What’s In a Word?
A great deal apparently. Throughout history we’ve seen that simple misunderstandings of words, or individual phrases out of context have had major effects from the absurd (JFK infamously calling himself a jelly doughnut), to the?controversial (see David Howard’s 1999 gaffe) to the history-altering (the thirteen words that helped end John Kerry’s presidential run). Different interpretations of a simple phrase can make a huge difference, as I’ve been reminded of in my recent research on small and medium size enterprises (SMEs) and the impact they have on the economic, social and environmental well-being of their nations.
David Weinberger gave WRI a bit of a jolt recently when he told us to start opening up our work to broader discussions- suggesting among other things that we publish pieces of unfinished reports for commentary. In the spirit of democratic debate, I thought I would tap any NextBillionaires out there who know a bit about the SME sector because the definitional issues here make a major difference in the impact these businesses have on an economy and therefore the policies that should be shaped to promote them. For anyone that has looked into this field at all, you know that while SMEs are undeniably important for numerous reasons, it is difficult to come up with tangible international trends and measurements of SME impact because of the vastly different ways in which SMEs are defined. As PSD blog noted recently, this data can vary considerably; one IIED report warns that “although the term ?SME’ is frequently used, it is seldom defined – yet this is essential to understand the significance of the sector…. What constitutes a small, medium or large company is by no means clear or uniform, even within individual countries…Given this variation between types of SME, and the difficulties of classification, we must draw policy conclusions with some caution.”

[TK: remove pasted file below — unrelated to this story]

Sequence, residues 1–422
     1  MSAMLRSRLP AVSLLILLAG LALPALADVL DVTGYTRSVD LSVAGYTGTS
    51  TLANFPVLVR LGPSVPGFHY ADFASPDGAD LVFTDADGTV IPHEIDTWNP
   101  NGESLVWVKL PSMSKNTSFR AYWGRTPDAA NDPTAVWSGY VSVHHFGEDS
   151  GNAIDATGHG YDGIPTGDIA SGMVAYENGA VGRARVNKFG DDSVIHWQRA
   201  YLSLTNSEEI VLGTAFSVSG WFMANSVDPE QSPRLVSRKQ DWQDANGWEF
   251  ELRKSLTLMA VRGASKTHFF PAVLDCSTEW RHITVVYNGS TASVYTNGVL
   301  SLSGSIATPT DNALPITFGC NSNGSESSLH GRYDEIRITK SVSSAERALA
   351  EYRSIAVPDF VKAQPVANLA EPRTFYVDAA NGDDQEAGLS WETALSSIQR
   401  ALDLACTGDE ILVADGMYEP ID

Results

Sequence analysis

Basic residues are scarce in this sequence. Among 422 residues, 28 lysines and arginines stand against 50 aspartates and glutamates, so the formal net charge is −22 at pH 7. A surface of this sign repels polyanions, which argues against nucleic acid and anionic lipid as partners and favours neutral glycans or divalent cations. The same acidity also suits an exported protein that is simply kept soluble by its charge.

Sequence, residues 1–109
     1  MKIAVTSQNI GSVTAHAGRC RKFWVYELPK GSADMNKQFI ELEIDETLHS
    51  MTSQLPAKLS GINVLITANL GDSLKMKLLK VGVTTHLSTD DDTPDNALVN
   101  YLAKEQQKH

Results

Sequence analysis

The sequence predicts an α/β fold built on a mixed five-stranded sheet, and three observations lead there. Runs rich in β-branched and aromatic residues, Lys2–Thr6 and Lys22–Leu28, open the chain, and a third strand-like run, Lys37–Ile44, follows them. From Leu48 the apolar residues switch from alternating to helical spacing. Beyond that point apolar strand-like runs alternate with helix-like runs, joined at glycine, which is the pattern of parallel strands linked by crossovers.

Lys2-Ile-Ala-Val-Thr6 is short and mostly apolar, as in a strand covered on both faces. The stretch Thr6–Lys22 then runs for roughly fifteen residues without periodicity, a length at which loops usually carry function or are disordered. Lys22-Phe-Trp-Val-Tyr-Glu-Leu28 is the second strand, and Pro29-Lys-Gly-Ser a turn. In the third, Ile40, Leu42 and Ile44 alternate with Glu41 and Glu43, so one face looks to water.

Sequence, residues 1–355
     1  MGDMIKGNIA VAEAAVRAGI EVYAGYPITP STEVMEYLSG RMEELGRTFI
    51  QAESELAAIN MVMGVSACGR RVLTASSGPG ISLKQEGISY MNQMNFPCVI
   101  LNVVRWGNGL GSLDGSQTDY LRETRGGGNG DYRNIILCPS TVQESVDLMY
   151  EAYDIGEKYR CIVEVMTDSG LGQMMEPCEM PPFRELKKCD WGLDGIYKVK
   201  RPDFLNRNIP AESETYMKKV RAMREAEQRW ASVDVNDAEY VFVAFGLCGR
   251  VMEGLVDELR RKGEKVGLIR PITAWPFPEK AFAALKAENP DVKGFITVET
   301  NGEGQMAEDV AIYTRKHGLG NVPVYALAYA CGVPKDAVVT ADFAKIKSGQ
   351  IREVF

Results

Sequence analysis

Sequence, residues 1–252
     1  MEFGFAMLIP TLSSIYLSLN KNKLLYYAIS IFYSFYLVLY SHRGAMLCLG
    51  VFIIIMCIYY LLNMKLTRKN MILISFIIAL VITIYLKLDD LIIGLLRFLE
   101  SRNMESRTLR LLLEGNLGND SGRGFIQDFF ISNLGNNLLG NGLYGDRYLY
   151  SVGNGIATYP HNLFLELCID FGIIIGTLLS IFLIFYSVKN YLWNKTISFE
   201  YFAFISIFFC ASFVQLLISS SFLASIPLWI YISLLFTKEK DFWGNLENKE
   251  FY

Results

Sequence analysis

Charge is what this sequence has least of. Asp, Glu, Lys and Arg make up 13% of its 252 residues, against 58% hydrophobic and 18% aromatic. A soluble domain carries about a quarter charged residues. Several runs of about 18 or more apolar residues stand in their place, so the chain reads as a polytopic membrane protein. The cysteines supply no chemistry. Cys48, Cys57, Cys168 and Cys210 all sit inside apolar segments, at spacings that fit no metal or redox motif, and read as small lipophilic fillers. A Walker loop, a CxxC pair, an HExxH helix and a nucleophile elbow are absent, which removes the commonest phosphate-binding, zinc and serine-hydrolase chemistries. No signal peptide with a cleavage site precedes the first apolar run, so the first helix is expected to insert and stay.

The criteria countries use to define an SME as opposed to a micro-enterprise or large corporation can include number of employees, amount of sales or net assets. For Bolivia, SMEs are between 10 and 49 employees. For Colombia, they are between 10 and 200. For Argentina, between .5 million and 24 million sales in Pesos (See the IFC data). This can lead to huge disparities in impact assessments- the broadest measures of SMEs (which tend to include micro-enterprises) estimate that this sector accounts for 90% of all businesses and 50-60% of global employment! That’s a huge number but looking at it through a regional perspective, an IDB survey of Latin-American countries suggest SMEs account for a much more modest 8% of enterprises and 30% of employment. So which is it, fellow readers? How do you measure an enterprise? In real terms, does “ich bin ein SME” always translate to “I am a micro-enterprise?” Alright, that was cheesy, I know, but sometimes making blanket statements about the size and significance of SMEs, I feel kind of like JFK must have in Berlin….